One interesting puzzle is the YMCA sketch that appeared in the 1906 Lansing City Directory advertisement for the architectural firm of White & Hussy, the image is reproduced above, notice that the building only has a basement and three floors. The basement contained two bowling lanes, a swimming pool, changing rooms and a barber shop. The first floor had a gymnasium, parlor, reading room and library, a dance area, spa and reception rooms. The second floor contained three class rooms, three club rooms, a boy’s area and a running track that was part of the gym. The third floor had 14 private rooms for residents.
But when the building open it had four floor. So, what happened? In October 1906, it was decided to add an additional floor to the YMCA Building. The original plans called for dormitory rooms on the third floor, but because of the height of the gym roof the number of private rooms was limited to fourteen. With the addition of the fourth-floor there would be 54 rooms in the building. It seems that there was always an idea to add a fourth floor a little later to the building, but the realization that it would cost and additional $3,000 to remove the roof and $4,000 to build the fourth-floor addition prompted the building committee to add the fourth floor during the erection of the structure rather than later. The cost to add the fourth floor was $4,000 and it was left unfinished until the building was completed and furnished free of debt. I have not been able to locate when the fourth floor was finished, but all indications were that it did not occur until 1910. One odd aspect is that there were 14 rooms on the third floor and 27 on the fourth floor, so it is a mystery where the 54 room figure came from?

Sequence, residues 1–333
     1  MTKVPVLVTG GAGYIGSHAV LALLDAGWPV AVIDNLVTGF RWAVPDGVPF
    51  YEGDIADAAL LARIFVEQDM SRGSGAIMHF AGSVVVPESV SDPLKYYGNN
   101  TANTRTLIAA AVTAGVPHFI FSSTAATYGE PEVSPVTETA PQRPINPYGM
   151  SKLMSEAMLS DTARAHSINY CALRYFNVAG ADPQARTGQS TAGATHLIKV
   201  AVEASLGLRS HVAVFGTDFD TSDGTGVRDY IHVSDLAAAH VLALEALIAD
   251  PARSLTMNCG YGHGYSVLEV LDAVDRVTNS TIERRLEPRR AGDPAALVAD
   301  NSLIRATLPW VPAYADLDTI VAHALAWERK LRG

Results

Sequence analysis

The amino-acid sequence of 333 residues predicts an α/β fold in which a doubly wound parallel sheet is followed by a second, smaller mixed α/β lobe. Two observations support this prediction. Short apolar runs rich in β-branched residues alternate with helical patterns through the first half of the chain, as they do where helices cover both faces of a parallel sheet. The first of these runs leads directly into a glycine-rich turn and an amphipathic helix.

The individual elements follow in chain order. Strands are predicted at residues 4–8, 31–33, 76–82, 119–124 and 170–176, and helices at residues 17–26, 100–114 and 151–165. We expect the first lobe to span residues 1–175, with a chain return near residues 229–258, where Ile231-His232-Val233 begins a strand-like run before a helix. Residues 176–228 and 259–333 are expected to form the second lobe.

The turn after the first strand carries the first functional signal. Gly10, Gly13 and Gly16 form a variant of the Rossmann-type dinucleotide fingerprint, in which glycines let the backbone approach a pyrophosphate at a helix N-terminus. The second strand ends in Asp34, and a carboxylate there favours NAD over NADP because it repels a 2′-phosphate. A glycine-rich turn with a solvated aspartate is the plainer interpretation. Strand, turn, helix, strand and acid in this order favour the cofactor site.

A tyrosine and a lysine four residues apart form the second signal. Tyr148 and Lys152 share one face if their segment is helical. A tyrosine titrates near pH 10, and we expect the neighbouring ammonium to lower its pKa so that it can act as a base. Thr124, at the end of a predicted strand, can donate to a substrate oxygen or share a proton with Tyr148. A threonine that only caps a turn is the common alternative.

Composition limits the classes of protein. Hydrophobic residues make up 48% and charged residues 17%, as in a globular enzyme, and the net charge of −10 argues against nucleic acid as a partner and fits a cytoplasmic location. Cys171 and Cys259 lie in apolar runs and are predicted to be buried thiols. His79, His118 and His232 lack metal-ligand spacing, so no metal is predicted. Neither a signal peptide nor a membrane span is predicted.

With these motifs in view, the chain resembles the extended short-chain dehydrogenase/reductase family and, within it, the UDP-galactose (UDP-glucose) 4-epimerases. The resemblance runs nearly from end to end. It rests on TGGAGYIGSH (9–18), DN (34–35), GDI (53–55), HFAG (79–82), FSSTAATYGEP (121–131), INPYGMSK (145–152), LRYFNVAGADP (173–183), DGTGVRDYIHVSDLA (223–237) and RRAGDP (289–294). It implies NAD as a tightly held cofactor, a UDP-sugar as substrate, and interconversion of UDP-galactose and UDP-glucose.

The YMCA first began in Lansing on January 19, 1877 when a group of Lansing’s leading citizens met to form the local branch of the Young Men’s Christian Association. On February 9, 1877, LeRoy Blood was elected President while Louis DeLamarter, pastor of Central Methodist Church was elected Vice President of the local YMCA. The first meetings of the organization were held at Bartlett Hall, located behind the Lansing House in the 100 block of W. Washtenaw Street. In 1884 the Lansing, YMCA disbanded in Lansing. For 20 years, there was no YMCA in Lansing. That all change with the turn of the new century, Lansing’s leading citizens, Olds. Prudden, Herrmann, VanDervoort and Lyons reestablished the YMCA and acquired the property in the 100 block of West Michigan Avenue where the YMCA building was constructed and stood until a new building was constructed on West Lenawee Street in 1951. The old YMCA building was torn down to make room for Lansing’s new City hall and police headquarters, City Hall was renamed in honor of a former Lansing mayor David Hollister on August 14, 2017. And if the current administration gets it wish the David Hollister Building will be torn down. Lansing is weird sometimes.
Architects Thomas E. White and Harry Hussey are names long forgotten in Lansing, many the structures they designed are no more, at least in Lansing. But their lives and buildings are another story. Trust me when I say White & Hussey were an interesting pair.
© Lost Lansing 2017